is gearing up to push out the latest in a long line of IPOs by optical networking outfits.
Quantum's solution for last-mile bottlenecks doesn't pack the biggest bang for your bandwidth investment buck. But it trumps the capacity offered by digital subscriber line, or DSL, equipment, currently the preferred solution to the last-mile puzzle. And with an investing watchword, fiber optics, at the core of its technology, Quantum Bridge could easily ride the market's optical infatuation to a juicy valuation.
Timing, however, is key. Concerns about an equipment spending
slowdown due to a
cash squeeze among some network builders is starting to dim the heretofore brilliant outlook for optical networking investments. So companies like Quantum are feeling the pressure to go public now, before the opportunity's gone -- because this window may be closing more quickly than anyone realizes.
CEO Tony Zona and marketing director Jeff Gwynne were on Wall Street to talk to bankers last week when they dropped in on
for a chat. Zona said the company hadn't picked underwriters yet, but hinted there was no shortage of interest.
So when can we expect an IPO? "This year is mathematically possible," said Gwynne. But in all likelihood, the stock will debut in the first half of next year.
North Andover, Mass.-based Quantum Bridge makes optical gear that telephone and cable companies use to allocate bandwidth, or capacity, to a variety of users in a building or neighborhood. Quantum's gear speeds Net access cheaply, maximizing existing fiber capacity by splitting wavelengths. To keep a lid on costs, the company uses run-of-the-mill components to make its equipment.
While Quantum targets what's known as the last-mile bottleneck of the Internet, its equipment offers only a taste of the long-awaited high-speed access nirvana. And ultimately, that market may prove small and short-lived, given the tidal wave of bandwidth ahead.
Got a Job to Do
But Zona says that wave may not come ashore for another 10 years. Meanwhile, there's work to be done.
Last month, Quantum announced its first contract, a three-year, $50 million agreement to provide equipment to
Advanced Telcom Group
, a closely held local phone and Internet service provider based in Santa Rosa, Calif. Quantum says it also has its equipment in the testing stage with five phone companies. In April, the company finished a $102 million round of financing.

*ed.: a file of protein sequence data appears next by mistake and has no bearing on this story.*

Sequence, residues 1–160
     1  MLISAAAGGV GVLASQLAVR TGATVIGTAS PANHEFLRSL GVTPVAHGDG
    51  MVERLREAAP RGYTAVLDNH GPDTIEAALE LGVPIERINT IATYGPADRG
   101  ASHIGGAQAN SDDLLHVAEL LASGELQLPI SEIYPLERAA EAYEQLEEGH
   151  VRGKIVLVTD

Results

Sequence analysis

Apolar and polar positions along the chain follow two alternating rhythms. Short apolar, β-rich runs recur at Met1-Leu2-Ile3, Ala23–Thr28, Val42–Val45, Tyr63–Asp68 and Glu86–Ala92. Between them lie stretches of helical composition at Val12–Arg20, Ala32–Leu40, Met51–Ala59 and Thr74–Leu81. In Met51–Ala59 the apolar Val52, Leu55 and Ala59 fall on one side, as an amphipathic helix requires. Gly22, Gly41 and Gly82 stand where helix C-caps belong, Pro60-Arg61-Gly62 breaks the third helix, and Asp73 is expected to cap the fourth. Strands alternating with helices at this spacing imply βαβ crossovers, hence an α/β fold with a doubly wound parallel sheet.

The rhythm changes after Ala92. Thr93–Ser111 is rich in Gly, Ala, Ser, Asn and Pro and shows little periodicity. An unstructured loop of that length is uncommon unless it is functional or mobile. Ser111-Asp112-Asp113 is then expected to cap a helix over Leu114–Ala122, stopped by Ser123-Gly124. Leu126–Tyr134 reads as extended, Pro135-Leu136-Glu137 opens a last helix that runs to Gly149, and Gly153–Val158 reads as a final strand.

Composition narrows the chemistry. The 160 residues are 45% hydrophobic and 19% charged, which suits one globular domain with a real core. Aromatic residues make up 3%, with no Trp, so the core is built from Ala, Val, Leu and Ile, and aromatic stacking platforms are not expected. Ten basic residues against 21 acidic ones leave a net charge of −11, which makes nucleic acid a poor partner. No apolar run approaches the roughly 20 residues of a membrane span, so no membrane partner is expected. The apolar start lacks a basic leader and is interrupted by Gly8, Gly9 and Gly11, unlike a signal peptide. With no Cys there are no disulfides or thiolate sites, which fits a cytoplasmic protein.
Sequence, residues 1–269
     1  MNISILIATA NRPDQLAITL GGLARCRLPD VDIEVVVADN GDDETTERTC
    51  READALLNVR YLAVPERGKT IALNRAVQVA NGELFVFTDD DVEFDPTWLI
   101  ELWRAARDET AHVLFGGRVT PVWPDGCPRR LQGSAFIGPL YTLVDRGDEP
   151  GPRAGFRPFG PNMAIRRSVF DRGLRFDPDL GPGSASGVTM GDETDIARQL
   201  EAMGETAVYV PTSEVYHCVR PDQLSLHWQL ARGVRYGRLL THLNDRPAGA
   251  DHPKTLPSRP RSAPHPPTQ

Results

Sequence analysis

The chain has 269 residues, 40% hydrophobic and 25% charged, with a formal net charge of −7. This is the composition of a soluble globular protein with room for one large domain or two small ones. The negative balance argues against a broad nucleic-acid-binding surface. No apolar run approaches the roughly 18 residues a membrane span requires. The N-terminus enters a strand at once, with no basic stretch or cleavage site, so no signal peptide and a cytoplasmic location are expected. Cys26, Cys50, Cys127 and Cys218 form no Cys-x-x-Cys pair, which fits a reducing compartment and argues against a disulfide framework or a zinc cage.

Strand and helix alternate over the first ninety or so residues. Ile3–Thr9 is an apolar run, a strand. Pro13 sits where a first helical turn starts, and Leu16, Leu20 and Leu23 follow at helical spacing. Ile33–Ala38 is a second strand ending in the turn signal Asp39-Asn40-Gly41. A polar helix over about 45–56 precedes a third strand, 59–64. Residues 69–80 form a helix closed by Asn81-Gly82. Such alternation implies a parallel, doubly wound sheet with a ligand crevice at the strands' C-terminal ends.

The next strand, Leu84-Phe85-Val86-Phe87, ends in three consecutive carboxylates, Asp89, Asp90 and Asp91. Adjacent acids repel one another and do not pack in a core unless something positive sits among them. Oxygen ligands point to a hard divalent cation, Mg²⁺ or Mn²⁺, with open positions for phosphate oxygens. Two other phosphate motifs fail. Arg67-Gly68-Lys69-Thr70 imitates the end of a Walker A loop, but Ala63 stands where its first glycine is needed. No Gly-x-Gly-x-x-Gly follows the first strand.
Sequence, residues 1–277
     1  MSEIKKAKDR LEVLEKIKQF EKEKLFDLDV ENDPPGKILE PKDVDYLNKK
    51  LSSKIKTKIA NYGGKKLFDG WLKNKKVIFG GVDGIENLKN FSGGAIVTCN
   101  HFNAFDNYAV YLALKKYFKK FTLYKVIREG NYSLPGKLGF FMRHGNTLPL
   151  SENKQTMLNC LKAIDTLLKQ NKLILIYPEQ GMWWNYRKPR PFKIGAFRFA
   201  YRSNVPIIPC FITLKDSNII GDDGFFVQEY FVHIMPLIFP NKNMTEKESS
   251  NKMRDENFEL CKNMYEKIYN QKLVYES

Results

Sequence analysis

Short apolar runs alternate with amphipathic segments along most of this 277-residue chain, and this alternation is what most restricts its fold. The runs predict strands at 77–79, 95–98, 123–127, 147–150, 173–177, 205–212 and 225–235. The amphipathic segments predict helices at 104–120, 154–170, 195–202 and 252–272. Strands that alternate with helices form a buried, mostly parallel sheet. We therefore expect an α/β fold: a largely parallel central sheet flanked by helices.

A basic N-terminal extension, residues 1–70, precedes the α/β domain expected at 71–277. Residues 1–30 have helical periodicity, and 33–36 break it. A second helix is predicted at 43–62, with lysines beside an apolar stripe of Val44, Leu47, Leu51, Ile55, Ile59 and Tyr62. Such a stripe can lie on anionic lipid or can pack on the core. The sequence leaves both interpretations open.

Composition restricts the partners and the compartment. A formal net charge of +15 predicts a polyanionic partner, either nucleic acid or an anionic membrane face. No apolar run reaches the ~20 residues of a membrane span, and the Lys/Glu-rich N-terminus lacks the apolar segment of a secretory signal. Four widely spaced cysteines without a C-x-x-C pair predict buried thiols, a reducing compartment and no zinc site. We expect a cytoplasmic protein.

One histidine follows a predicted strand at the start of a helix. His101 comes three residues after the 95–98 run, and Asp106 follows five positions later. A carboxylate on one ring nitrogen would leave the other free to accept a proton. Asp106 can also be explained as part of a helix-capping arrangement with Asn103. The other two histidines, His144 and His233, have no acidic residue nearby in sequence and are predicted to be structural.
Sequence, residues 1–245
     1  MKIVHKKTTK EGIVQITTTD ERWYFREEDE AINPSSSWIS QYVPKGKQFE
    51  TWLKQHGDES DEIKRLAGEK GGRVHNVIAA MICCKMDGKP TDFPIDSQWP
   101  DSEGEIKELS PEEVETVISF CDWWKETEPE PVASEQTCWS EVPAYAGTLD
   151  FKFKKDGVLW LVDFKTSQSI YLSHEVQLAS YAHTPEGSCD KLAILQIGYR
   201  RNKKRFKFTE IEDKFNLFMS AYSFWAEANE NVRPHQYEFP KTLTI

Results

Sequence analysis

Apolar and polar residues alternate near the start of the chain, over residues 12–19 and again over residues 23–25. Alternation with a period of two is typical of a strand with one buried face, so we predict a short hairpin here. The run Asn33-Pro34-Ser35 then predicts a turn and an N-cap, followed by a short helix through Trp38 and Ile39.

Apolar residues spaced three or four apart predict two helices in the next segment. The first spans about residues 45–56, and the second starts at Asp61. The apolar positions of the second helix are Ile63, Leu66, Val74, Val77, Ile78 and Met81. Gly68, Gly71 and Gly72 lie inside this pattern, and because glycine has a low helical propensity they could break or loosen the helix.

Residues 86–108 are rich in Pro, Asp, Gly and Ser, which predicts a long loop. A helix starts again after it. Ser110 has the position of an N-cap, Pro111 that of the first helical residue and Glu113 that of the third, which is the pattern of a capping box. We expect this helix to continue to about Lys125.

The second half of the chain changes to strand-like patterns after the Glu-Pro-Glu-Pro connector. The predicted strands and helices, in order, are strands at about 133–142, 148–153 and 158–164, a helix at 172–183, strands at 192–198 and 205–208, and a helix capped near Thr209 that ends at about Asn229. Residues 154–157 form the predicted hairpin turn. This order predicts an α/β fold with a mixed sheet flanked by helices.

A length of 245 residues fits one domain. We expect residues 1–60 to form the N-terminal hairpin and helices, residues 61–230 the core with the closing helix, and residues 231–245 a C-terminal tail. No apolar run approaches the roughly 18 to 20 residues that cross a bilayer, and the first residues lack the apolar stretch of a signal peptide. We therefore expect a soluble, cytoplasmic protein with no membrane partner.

Cable companies, including
, which is a Quantum investor, are likely to be among the types of companies that would opt for the Quantum approach. Though consumer-focused, cable depends on fiber networks passing by small and midsize businesses that could easily and cheaply tap into the optical capacity nearby. And Quantum also holds out the possibility that taking fiber to homes could provide a broader market for its equipment.
Quantum is far from alone in its efforts to buck the current sky's-the-limit trend in fiber optics. Competitors include
of Hayward, Calif.,
of Pleasanton, Calif., and
NEC Eluminant Technologies
, Herndon, Va. These outfits use what's called a passive optical networking approach, or PON, taking the existing fiber capacity and sharing it among users.
PON equipment makers sit at the low end of the fiber capacity continuum. As such, they aren't really comparable to the optical heavy hitters that have come public this year, such as
As industry projections would have it, we will be a fiber-rich planet, and entire strands of fiber optic capacity will be available to those who want it. An abundance of fibers negates the need to share one fiber. Many start-ups concerned with the access side of optical networking, such as
, have focused on extending the vast capacities at the core of the Net further out toward the ends.
, for example, has captured the industry's
imagination for its promise to shoot optical-fiber-like Net access through the air on laser beams.
Industry observers say Quantum addresses a market niche, at best. In other words, Quantum promises to deliver bushels of apples at a time when many established and emerging companies are planning to deliver whole orchards.
"The economics of scarcity is artificial," says David Isenberg, a telecommunications consultant and former
scientist who runs
. "If you can bring one fiber into a building, you can bring in 1,000 fibers for 5% more."
The point being, why divvy up one wavelength, when you can offer multiple wavelengths on multiple fibers?
"We are entering an age of abundance," says Isenberg. "We don't need this scarcity stuff."
The real question is whether Wall Street will hold out for abundance or focus on the current scarcity.